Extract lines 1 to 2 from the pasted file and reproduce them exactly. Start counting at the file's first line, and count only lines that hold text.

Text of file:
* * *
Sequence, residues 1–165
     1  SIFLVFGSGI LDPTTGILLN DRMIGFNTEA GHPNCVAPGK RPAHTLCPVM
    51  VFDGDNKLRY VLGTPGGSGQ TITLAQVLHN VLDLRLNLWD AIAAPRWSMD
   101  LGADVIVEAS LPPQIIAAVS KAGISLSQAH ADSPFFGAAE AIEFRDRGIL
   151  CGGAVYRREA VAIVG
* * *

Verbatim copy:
Sequence, residues 1–165
     1  SIFLVFGSGI LDPTTGILLN DRMIGFNTEA GHPNCVAPGK RPAHTLCPVM